Ear Pain in Kids
The cause of ear pain in both children and adults is blocked Eustachian tubes, which when functioning normally keep the air pressure even on both sides of the eardrum. Anyone who's experienced ear pain knows that it feels worse at night. When you're lying down, these tubes can't drain naturally and you're not swallowing as often, which makes them contract. The air in the middle ear is absorbed, creating a vacuum that causes pain by sucking the eardrum inward.
Reasons of ear pain are acute infections of the middle ear or the ear canal; enlarged adenoids; or a bacterial, fungal or viral infection in the external part of the ear. Wearing ear phones or ear plugs either to listen to your iPod, to swim, or to muffle loud noises, any germs that may lurk on these items can cause an infection and pain. Ear pain can also accompany sinus infections, colds or allergies. Air pressure changes when traveling by plane or when scuba diving, and even seemingly innocuous things like small hairs from a haircut entering the ear and irritating it can lead to ear pain. There is also referred ear pain from a different ailing body part (e.g., tonsils, throat, teeth, jaw, tongue). In infants, teething can cause ear pain, and in children and adults, dental decay can do the same thing.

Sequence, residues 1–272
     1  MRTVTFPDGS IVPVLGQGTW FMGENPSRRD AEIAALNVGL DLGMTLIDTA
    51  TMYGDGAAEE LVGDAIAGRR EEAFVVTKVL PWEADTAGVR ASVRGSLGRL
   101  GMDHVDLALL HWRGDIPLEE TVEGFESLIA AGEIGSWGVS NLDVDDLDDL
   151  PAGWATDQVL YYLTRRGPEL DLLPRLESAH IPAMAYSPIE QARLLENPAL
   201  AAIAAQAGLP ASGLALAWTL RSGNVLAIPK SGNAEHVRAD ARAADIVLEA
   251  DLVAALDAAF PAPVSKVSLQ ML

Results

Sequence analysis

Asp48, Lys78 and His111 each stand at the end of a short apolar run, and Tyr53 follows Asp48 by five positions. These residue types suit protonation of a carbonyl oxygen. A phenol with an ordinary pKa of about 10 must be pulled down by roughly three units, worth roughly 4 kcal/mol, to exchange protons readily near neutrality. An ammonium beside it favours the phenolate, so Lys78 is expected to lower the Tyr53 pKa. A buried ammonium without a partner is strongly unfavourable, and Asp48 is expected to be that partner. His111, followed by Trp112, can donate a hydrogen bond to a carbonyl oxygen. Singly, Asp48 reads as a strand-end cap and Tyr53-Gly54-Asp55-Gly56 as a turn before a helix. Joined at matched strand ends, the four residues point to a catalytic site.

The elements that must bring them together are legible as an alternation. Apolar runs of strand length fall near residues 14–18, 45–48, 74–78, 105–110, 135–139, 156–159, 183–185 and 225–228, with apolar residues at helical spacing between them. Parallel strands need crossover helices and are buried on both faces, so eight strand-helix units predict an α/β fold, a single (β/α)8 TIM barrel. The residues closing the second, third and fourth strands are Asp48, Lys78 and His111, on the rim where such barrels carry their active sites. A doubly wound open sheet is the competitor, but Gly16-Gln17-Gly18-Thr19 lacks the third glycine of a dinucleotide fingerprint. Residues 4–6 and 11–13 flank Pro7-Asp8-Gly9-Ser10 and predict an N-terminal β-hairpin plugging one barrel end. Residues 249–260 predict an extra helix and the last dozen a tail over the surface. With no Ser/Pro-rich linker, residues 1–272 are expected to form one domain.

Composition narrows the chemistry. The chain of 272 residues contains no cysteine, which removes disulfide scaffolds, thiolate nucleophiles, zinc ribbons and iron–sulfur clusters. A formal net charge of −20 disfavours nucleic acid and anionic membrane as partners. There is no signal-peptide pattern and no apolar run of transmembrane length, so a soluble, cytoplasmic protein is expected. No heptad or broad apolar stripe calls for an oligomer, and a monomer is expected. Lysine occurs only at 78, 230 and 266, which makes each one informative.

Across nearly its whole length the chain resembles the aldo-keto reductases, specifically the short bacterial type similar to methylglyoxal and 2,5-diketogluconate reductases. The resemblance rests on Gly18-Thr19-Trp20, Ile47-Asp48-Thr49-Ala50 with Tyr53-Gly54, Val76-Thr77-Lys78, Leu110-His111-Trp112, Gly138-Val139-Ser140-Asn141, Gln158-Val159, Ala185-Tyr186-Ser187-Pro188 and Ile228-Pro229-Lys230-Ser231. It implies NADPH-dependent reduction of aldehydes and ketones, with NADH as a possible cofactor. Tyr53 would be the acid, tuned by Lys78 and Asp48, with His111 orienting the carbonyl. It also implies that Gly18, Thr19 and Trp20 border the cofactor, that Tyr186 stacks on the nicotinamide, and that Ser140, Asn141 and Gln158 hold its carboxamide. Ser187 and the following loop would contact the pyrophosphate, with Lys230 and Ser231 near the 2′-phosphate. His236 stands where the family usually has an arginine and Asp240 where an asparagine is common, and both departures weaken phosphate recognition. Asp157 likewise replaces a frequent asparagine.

Swimmer's ear occurs when water gets into the ear, most often while showering, and it can't be expelled, which leads to ear pain and transient deafness.
Another very unpleasant inner ear disorder is Ménière's disease, which can lead to permanent hearing loss. If you periodically experience vertigo or dizziness, tinnitus (ear noises), hearing loss and ear pain or pressure, you may have this condition. Ménière's disease is caused by a change in fluid volume in the labyrinth of the inner ear that produces swelling and can actually rupture the membranes so that the different ear fluids mix together. It has also been postulated that Ménière's disease comes from viral infections, noise pollution and various biological factors. Ménière's disease attacks are very unpredictable and vary widely in intensity from person to person, but when they happen, usually all you can do is lay low and keep as still as possible.
Often just getting the excess wax professionally removed from your ears will help. And remember never to stick a Q-tip in your ear to try to clean it yourself because you may end up rupturing your eardrum.
What you can do about ear pain depends, of course, on what's causing it. more